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by: Anne Casey, Director of Education

You’ve read the statistics – “People who follow a plant-based diet account for 75 percent less in greenhouse gas emissions than those who eat more than 3.5 ounces of meat a day,” – and you’re ready to flex your diet to include more plant-based meals. February’s resolution is to move toward reducing meat consumption to 1.7 ounces or less daily in order to cut carbon emissions to under 12 pounds per day. That is equivalent to taking at least 8 million cars off the road if your normal daily meat consumption is 3.5 ounces or more.

What, you ask, will I eat instead? Let’s begin with a review of the widely available plant-based meat substitutes on the market today. Fortunately, fake meats have come a long way from America’s first meat substitute, Nuteena, invented by John Harvey Kellogg in 1896. This canned “meat” made of peanut meal, soy, corn, and rice flour was popular among Seventh Day Adventists following a vegetarian diet.

Modern meat substitutes are based on any of the following high protein foods: soy products like tofu, tempeh, and texturized vegetable protein; wheat products like seitan; pea protein; and combinations of these foods.

So, let’s talk Tofurky, the original vegetarian “roast turkey” first offered nationally in 1995. From its humble beginnings in a treehouse, this Oregon-based company has grown its menu to include fake chicken, sausage, sandwich slices, and burgers. The popularity of these products paved the way for new companies tweaking the basic soy, wheat, plant protein recipe to find the perfect juicy meat alternative to the real deal. The latest burger offerings from Impossible Foods even include the addition of “heme” – the molecule in beef that gives it its characteristic meaty flavor – but this heme is derived from fermented yeast. Beetroot juice also adds a realistic red meat color. For a thorough comparison and review of these products, check out The Meat Lovers’ Guide to Plant-based Meats by Consumer Reports where you will find side-by-side comparisons of the fake meat vs. the product it is mimicking as seen below:

Ultimately, though, fake meats are processed foods and, while they are convenient, they should be eaten sparingly, like all ultra-processed foods. Use them as a bridge to whole food meat alternatives, like beans, lentils, tofu, and tempeh. Melissa Clark, food columnist for the New York Times also offers delicious tips and recipes for transitioning to a plant-based diet in her article, The Meat-Lovers Guide to Eating Less Meat.

In the near future, we will be able to have our meat and eat it, too. The exciting next phase in the evolution of meat alternatives are cell-cultured meats grown from stem cells that multiply in a nutrient broth and then are texturized to resemble natural meat. Lab-grown meats recently gained approval from the United States Department of Agriculture and the Food and Drug Administration. Cultured chicken will be offered soon in restaurants in San Francisco and Washington D.C. The two California companies, GOOD Meats and UPSIDE Foods, which produce cultured chicken, are waiting for approval for their beef, pork, and seafood products. Cultured meat will require less land and water and emit fewer greenhouse gases than conventional agriculture, though the actual savings from large-scale adoption remain to be seen.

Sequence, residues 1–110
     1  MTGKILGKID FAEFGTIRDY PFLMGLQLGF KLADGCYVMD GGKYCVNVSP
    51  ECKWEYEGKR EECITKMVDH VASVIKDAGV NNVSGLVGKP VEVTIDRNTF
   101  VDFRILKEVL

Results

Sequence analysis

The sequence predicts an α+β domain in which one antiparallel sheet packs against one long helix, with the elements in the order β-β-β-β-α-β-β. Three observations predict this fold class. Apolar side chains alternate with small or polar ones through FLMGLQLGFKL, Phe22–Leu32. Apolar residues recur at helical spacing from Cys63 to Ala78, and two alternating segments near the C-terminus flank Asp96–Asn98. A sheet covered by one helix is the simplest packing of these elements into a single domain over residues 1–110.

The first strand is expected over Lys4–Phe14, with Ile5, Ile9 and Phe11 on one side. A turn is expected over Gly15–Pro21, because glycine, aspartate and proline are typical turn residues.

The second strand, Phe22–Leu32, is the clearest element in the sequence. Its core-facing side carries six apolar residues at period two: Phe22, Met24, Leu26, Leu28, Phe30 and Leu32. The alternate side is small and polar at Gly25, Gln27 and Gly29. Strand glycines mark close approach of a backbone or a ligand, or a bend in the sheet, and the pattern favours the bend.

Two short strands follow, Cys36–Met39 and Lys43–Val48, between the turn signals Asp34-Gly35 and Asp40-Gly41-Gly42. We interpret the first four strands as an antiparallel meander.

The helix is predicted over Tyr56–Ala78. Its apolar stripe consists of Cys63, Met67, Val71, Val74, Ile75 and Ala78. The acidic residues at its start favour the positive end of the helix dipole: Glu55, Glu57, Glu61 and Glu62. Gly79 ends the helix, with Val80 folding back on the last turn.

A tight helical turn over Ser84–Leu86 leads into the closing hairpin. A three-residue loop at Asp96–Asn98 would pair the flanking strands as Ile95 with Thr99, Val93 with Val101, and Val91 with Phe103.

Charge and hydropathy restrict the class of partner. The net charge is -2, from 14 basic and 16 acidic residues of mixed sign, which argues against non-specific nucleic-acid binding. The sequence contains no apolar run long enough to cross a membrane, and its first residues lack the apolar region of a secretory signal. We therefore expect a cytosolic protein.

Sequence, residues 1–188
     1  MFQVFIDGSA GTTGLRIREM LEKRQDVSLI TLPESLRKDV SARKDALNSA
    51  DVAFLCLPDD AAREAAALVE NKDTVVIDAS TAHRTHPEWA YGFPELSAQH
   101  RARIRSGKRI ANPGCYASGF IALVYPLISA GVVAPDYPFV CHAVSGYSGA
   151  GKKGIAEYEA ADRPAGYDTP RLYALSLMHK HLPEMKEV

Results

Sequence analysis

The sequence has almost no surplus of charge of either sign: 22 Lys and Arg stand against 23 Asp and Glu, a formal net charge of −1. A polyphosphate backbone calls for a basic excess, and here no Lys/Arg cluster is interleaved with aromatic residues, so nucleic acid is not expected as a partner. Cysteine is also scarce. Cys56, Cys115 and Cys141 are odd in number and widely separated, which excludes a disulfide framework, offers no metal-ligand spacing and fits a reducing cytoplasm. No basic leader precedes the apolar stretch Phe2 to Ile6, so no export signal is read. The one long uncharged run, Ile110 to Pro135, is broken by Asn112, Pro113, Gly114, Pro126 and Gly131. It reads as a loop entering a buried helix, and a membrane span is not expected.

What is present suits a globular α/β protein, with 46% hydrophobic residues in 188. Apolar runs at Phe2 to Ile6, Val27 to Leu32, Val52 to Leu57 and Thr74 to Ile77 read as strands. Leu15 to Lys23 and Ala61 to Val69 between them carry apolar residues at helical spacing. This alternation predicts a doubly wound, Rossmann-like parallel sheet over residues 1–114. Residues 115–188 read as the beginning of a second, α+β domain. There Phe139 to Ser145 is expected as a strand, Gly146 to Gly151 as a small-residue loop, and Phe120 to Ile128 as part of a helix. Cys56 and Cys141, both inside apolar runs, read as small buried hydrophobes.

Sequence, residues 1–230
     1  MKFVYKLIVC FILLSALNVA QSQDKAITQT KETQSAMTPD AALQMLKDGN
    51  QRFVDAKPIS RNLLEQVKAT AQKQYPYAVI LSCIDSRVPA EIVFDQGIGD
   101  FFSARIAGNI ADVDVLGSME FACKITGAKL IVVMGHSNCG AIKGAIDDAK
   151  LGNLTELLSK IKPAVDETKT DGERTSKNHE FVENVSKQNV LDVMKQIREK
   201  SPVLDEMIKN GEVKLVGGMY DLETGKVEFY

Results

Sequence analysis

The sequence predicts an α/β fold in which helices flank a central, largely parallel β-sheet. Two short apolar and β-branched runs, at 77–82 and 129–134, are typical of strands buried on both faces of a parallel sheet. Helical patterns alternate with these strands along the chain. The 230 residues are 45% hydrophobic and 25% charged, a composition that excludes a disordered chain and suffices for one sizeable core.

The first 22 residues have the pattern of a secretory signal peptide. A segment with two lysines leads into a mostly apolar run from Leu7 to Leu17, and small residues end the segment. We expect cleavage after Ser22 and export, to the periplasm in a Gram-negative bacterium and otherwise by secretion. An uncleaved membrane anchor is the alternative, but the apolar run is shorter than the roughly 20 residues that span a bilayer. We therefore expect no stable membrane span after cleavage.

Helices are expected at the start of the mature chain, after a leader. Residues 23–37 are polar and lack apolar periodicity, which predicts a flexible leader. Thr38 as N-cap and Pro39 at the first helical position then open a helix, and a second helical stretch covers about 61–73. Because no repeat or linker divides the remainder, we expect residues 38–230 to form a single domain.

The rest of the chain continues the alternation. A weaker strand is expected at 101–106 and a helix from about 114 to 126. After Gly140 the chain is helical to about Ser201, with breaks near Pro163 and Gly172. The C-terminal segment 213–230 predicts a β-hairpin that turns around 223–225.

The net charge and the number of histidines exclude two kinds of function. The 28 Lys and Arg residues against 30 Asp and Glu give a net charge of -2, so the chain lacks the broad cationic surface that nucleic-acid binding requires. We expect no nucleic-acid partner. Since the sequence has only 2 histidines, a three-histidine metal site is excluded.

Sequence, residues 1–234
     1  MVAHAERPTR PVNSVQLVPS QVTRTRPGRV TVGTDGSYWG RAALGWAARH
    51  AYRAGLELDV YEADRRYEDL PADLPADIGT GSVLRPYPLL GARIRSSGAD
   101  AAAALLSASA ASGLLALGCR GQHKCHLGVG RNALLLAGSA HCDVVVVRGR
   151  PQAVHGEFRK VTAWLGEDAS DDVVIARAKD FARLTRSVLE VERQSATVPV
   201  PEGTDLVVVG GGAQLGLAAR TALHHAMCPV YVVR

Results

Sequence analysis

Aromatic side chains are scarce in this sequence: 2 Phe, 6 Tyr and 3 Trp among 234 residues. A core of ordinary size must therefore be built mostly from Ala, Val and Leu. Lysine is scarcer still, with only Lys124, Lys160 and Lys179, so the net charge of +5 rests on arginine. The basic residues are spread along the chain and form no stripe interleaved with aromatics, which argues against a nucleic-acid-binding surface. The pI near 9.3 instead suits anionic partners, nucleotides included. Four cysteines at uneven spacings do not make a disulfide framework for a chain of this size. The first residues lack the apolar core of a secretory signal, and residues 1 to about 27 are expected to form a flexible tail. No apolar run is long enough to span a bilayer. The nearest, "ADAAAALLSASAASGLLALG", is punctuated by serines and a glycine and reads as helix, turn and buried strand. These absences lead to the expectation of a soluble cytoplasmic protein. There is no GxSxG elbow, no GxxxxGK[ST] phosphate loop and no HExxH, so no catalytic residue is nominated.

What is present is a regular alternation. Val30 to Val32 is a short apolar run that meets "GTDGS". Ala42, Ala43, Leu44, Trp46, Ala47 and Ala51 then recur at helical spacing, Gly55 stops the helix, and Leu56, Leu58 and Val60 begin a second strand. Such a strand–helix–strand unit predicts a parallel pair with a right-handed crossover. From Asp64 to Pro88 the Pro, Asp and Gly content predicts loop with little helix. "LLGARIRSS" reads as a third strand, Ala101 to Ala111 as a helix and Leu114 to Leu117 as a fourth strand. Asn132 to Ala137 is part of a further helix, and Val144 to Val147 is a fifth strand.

Common sustainable eating advice is as simple as this: eat farther down the food chain or, in other words, eat what your meat eats. So, maybe, instead of eating Tofurky, we should eat what our turkey eats – insects! Two billion people, mostly living in Asia, Africa, and Latin America, already eat insects, a practice called entomophagy. It’s sustainable, healthful, and delicious. Even Ikea – famous for its Swedish Meatballs, a.k.a. Huvudroll – is developing the “neatball”, a version of their meatball made from mealworms in order to give a more sustainable option to the two million meatballs they serve daily. In Madagascar where 80% of the forests have been cut down to provide land to graze livestock, Sylvain Hugel, an entomologist specializing in crickets, has teamed up with Brian Fisher, an ant specialist, to create Valala Farms where they are raising crickets to produce cricket meal. The goal is to provide an alternative protein source in order to deter the clear-cutting of forests for livestock grazing. “For me entomophagy is the very solution for Madagascar,” says Hugel. “There is no way to save the forests without taking care of the people who live near them, and that means giving them food security.” If you are curious about entomophagy, visit where you can purchase cricket flour and find out more about cooking with crickets, including fifteen yummy, buggy recipes.

According to the United Nations, “What we eat, and how that food is produced, affects our health but also the environment. Food needs to be grown and processed, transported, distributed, prepared, consumed, and sometimes disposed of. Each of these steps creates greenhouse gases that trap the sun’s heat and contribute to climate change. About a third of all human-caused greenhouse gas emissions is linked to food.” So, finding ways to reduce our “foodprint” – like eating a more plant-based diet – is imperative to reaching the two Climate Conventions goals of keeping climate change below 1.5ᵒ F and saving 30% of our land and oceans for wildlife by 2030. This month, our goal is to eat a plant-based diet at least one day each week. You might explore the weird and wonderful world of meat alternatives, try out a new vegan recipe, or, if you’re feeling really adventurous, give bugs a try – Bon Appetit!

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12 de mar.


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